Getting Help From The Kids (Part 2)

By Contel Bradford

Note: This is Part 2 of a two-part series on how to get your children more involved at home. Part 1 addressed how to get your kids to help with as few problems as possible.

What Are Your Expectations?

Dads should manage their expectations carefully when making attempts to get kids to step up and help out. You don’t want to be too critical of their efforts as kids tend to be very sensitive, even more so these days if you ask me. It can be tough, but going psycho over something simple could potentially lead to emotional problems later down the road.

So little Timmy didn’t make the bed with the level of precision you would have preferred? I would say look at the overall picture – the bed is made. Instead of showing your displeasure, let them know what improvements they can make to do a better job next time.


What’s In It For Them?

You don’t expect your kids to make your life easier for nothing, do you? Well, you could tell that them they better follow orders or else, but that may not be feasible if you want good results. After all, you wouldn’t deal with your annoying co-workers without being compensated for putting up with their shenanigans.

Many kids will not be willing to devote all their effort to helping without knowing they are getting something of decent value in return. Since rewarding them for every good deed could get expensive, you may want to consider an allowance. Maybe give a bonus here and there for the times when they really come through in the clutch. I’m a firm supporter of giving rewards when warranted.


Cracking the Whip

Despite all your efforts, there will likely be times when the kids fall off track and fail to do what they’re told. Maybe Julie didn’t do the laundry because she was down at Jill’s house. Maybe Billy decided not to clean up his room because Coach Jones made him run extra laps in gym.

Whatever the case, make sure you are prepared with a set of consequences for their decision. I would never tell anyone how to discipline their kids as we all have our methods. Some give a stern tongue lashing. Some ground their kids, or put them “on punishment” as my mom used to call it.

I will say that you should try to make sure the punishment fits the crime. If your son forgot to take out the garbage once this week, grounding him for the next month may be overkill. Likewise, a day with no TV may be too light of a sentence for the daughter who didn’t clean her room because she didn’t feel like it.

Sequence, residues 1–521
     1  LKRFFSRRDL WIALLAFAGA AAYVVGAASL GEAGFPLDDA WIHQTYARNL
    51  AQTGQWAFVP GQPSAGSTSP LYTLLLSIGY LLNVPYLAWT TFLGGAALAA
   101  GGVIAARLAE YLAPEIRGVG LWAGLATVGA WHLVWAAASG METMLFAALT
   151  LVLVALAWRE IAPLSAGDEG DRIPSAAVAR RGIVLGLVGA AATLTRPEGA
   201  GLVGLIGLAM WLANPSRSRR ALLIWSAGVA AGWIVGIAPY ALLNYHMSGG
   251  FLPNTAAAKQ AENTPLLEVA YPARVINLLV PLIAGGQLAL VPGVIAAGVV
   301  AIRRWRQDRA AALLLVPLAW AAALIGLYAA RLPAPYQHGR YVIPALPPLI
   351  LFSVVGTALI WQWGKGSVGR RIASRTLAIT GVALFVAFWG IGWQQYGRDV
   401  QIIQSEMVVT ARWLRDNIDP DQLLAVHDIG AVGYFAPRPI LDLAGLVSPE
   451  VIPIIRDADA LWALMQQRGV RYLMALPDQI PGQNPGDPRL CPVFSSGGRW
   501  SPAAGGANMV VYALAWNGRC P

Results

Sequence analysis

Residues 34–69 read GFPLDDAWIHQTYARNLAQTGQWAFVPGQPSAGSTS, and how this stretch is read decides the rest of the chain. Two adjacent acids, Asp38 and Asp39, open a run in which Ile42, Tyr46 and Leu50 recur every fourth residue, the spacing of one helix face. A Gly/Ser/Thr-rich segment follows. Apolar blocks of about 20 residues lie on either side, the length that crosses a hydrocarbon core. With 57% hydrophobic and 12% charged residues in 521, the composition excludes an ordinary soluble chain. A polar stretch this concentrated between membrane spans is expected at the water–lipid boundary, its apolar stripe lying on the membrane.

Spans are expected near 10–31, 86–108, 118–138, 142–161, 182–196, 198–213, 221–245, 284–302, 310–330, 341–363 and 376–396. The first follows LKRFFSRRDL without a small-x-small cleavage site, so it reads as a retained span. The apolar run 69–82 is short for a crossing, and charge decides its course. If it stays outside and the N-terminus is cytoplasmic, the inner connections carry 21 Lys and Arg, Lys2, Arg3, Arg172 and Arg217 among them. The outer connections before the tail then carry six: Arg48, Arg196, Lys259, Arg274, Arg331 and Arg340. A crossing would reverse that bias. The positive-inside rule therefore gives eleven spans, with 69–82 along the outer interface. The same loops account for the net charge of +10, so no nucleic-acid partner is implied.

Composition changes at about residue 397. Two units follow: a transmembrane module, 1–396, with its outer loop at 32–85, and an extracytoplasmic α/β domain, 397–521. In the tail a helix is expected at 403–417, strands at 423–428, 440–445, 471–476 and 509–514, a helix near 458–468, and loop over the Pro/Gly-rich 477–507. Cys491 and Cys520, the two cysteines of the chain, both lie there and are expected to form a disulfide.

Get Started Early

Like I mentioned before, I put off the laying of the law, but I do think I got started early enough to get satisfactory results. It appears that the early you get your kids into the habit of helping out, the better. Consider it quality training that prepares them for the bigger and more exciting chores you have in store.

The good thing for dads with younger kids is that the pint-sized versions tend to actually enjoy lending a hand before discovering that work truly sucks. Many children are eager to help put away groceries, fold clothes, and give the cake mix a good stir.

I wouldn’t suggest making your 8-year-old daughter shovel the entire walkway, but she can surely keep the tables in the kitchen and living room spotless. I’m just saying.


Skills For the Future

By getting your kids to step up their game, you are essentially teaching them responsibility and providing valuable life skills that can be applied in the future. These early lessons may come in handy when they enter college, the workforce, or relationships.

Show your little ones how important it is to work together for the betterment of the household, and you will be helping them help you big time.


Note: This is Part 2 of a two-part series on how to get your children more involved at home. Part 1 addressed how to get your kids to help with as few problems as possible.


Contel Bradford is a professional freelance writer, journalist, and published author of multiple books. He specializes in many areas, including legal, divorce, and family-related topics. You can learn more about his services by visiting

End of Content Icon

One comment on “Getting Help From The Kids (Part 2)

Leave a Reply

Your email address will not be published. Required fields are marked *